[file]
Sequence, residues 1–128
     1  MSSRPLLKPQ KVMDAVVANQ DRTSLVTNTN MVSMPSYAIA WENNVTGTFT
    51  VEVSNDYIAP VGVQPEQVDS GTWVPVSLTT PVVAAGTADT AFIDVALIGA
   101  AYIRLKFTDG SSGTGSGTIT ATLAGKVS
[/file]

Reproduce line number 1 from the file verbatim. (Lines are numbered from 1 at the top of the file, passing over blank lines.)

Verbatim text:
Sequence, residues 1–128